As the methods of the spinners had to keep up with those of the weavers, so, too, those who supplied the raw cotton had to increase their production to meet the booming demand. Eli Whitney (1765-1825) from Massachusetts, USA, moved to a cotton plantation in Georgia where he created a way to efficiently separate the sticky seeds from cotton balls. Whitney's Cotton Gin ('gin' meaning 'machine') was invented in 1794 and was powered by horses or water wheels. It pulled raw cotton through a comb mesh where a combination of revolving metal teeth and hooks separated it and removed the troublesome seeds. A single cotton gin could process up to 25 kg (55 lbs) of cotton every day. Just like Crompton and Cartwright, Whitney's invention was a victim of its own success and was so widely copied that he made little money from it himself, despite registering it with the patent office. As cotton production rocketed, so more and more slaves were used on the cotton plantations to pick the cotton balls that fed the insatiable gins. Cotton was exported far and wide. In Britain in 1790, cotton accounted for 2.3% of total imports; by 1830, that figure had rocketed to 55%. British textile mills worked the raw material and exported it out again with such success that cotton textiles accounted for half of Britain's total exports in 1830.
Now, all three branches of the textile industry – raw material production, spinning, and weaving – could be fully mechanised, but still, the search for efficiency and great profits spurred on the inventors. Textile manufacturing was now big business despite the high costs to set up a machine factory, around £15,000 in 1793 (over $2 million today). As Allen notes, "Cotton was the wonder industry of the Industrial Revolution" (182).
The first cast-iron loom powered by steam was invented by Richard Roberts (1789-1864) in 1822. Using iron instead of wood (as in Cartwright's loom) meant that the machine did not warp, and so the tension of the yarns was kept constant. There were now much fewer instances of yarns snapping or becoming so loose they got tangled in the machinery. This meant that the production of woven cloth was faster than ever.
The inventors kept on improving the machines, both in Britain and in other countries. From the 1790s, the British government prohibited the export of machinery to safeguard its competitive advantage, but, nevertheless, machines were smuggled out and used to set up mills in France, Belgium, and the Netherlands. The machines were more efficient than ever, and this meant that, despite the capital outlay required to acquire them, they became profitable even in places with much lower labour costs than in Britain.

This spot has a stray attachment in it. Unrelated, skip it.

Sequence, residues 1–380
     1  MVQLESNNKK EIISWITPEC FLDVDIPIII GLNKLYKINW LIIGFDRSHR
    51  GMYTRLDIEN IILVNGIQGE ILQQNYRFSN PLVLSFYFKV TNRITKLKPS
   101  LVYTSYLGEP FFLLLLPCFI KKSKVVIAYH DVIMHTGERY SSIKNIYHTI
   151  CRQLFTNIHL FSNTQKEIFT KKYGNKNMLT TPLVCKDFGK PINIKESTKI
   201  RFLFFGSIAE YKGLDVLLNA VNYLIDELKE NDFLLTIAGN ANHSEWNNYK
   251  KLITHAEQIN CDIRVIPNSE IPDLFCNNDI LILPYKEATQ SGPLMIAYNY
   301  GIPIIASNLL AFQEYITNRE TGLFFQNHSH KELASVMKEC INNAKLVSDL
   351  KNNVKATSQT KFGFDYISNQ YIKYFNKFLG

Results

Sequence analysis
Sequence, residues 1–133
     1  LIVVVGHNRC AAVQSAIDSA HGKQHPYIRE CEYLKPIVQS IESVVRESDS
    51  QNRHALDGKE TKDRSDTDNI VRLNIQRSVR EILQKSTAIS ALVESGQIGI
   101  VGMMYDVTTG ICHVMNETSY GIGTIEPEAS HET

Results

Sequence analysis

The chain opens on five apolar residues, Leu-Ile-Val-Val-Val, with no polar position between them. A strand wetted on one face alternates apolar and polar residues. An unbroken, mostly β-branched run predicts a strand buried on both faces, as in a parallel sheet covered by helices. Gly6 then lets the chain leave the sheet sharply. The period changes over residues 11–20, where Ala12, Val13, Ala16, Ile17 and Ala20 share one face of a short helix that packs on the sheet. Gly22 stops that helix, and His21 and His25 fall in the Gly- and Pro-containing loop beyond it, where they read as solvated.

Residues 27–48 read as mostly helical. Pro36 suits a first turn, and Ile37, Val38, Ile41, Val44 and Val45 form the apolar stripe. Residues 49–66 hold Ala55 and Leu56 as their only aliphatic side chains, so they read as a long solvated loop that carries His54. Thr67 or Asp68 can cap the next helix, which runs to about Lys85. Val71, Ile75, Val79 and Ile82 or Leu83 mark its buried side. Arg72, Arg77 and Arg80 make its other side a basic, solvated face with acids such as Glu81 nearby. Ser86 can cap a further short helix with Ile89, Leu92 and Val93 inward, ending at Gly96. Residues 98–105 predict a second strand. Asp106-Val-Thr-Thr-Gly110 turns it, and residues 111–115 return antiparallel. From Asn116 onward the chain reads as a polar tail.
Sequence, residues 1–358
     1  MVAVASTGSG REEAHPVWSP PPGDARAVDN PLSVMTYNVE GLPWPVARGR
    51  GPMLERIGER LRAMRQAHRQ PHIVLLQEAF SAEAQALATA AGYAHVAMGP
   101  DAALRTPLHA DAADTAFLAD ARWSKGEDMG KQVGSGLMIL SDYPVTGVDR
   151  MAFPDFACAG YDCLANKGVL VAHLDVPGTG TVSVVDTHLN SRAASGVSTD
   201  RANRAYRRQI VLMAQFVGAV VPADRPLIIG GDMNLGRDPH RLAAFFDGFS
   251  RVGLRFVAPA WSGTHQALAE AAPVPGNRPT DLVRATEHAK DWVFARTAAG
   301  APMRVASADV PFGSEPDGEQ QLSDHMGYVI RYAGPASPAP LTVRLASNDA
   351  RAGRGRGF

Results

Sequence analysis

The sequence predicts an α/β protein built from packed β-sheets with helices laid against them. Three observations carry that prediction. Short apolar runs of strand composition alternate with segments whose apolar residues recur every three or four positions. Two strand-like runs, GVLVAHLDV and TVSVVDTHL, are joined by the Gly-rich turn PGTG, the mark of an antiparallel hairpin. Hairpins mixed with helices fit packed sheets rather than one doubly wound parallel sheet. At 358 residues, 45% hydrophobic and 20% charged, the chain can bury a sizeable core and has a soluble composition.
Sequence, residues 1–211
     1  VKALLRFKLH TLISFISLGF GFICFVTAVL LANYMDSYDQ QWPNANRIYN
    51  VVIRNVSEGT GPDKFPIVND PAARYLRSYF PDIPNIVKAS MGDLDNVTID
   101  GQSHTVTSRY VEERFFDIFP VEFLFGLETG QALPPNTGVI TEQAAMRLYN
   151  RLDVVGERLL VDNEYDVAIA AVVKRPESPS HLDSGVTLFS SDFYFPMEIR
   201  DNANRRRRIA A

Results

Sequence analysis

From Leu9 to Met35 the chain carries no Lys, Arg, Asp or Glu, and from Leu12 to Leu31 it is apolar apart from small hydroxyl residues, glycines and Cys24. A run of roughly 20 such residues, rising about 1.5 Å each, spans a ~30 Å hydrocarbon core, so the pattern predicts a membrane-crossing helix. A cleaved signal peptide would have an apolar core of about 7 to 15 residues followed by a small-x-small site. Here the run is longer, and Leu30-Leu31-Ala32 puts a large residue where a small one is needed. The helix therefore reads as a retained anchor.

A notable addition to a textile factory's repertoire was the calico (cheap cotton material) printing machine of c. 1780, which permitted patterned textiles to be made using pre-punched cards. The Frenchman Joseph-Marie Jacquard (1752-1834) developed a machine that could create patterned silk fabric around 1800, also using pre-cut cards. The Jacquard loom was adopted almost everywhere textiles were made.
Roberts' Self-Acting Mule
Richard Roberts continued to work on mechanised looms, and he came up with something new in 1825. Roberts' creative spirit was perhaps driven by self-interest since, once again, weaving had leapt forward thanks to his loom and spinning could not keep up and supply the yarns the weavers needed. This limited sales of the Roberts Loom. Roberts created a spinning machine that could run with very little input from humans, meaning they could run around the clock. The machine used gears, cranks, and a guide mechanism to ensure that yarn was always placed exactly where it should be and that spindles turned at varying speeds depending on how full they were (hence the machine's 'self-acting' name). Roberts' loom and mule combined provided mill owners with exactly what they had wanted: a factory floor with as few humans in it as possible.
By 1835, around 75% of cotton mills were using steam power, and there were well over 50,000 power looms being used in Britain. A steam-powered factory did not need to be located near a water source, so better sites could be chosen close to natural resources like coal. With ever more versatile, cheaper, efficient, and reliable machines, the textile industry had become almost completely automated, certainly to the extent that machine operators no longer needed any textile skills. Skilled workers lost their jobs to semi-skilled labourers, but there were more of the latter than the former thanks to the growth in the textile industry.